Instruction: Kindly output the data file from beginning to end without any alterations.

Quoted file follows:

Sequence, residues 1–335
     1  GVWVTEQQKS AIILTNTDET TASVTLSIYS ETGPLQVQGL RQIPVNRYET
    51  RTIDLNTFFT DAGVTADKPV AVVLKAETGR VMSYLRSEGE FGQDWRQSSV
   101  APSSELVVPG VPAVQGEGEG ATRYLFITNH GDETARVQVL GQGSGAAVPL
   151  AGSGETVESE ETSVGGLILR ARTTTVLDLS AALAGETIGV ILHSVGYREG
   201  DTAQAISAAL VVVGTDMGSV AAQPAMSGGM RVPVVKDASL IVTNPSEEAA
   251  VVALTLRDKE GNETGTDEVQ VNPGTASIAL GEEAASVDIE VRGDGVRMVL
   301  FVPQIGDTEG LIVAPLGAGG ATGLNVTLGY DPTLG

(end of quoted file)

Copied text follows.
Sequence, residues 1–335
     1  GVWVTEQQKS AIILTNTDET TASVTLSIYS ETGPLQVQGL RQIPVNRYET
    51  RTIDLNTFFT DAGVTADKPV AVVLKAETGR VMSYLRSEGE FGQDWRQSSV
   101  APSSELVVPG VPAVQGEGEG ATRYLFITNH GDETARVQVL GQGSGAAVPL
   151  AGSGETVESE ETSVGGLILR ARTTTVLDLS AALAGETIGV ILHSVGYREG
   201  DTAQAISAAL VVVGTDMGSV AAQPAMSGGM RVPVVKDASL IVTNPSEEAA
   251  VVALTLRDKE GNETGTDEVQ VNPGTASIAL GEEAASVDIE VRGDGVRMVL
   301  FVPQIGDTEG LIVAPLGAGG ATGLNVTLGY DPTLG